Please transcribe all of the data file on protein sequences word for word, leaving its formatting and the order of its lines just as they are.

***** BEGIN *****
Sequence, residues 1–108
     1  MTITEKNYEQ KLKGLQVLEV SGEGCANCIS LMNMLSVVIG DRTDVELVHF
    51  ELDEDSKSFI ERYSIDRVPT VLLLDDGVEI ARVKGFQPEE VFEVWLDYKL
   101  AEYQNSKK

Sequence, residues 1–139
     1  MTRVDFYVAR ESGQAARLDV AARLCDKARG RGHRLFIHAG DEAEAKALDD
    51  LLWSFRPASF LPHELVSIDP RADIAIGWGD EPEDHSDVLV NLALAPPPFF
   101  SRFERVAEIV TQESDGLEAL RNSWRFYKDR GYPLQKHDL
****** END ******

Sequence, residues 1–108
     1  MTITEKNYEQ KLKGLQVLEV SGEGCANCIS LMNMLSVVIG DRTDVELVHF
    51  ELDEDSKSFI ERYSIDRVPT VLLLDDGVEI ARVKGFQPEE VFEVWLDYKL
   101  AEYQNSKK

Sequence, residues 1–139
     1  MTRVDFYVAR ESGQAARLDV AARLCDKARG RGHRLFIHAG DEAEAKALDD
    51  LLWSFRPASF LPHELVSIDP RADIAIGWGD EPEDHSDVLV NLALAPPPFF
   101  SRFERVAEIV TQESDGLEAL RNSWRFYKDR GYPLQKHDL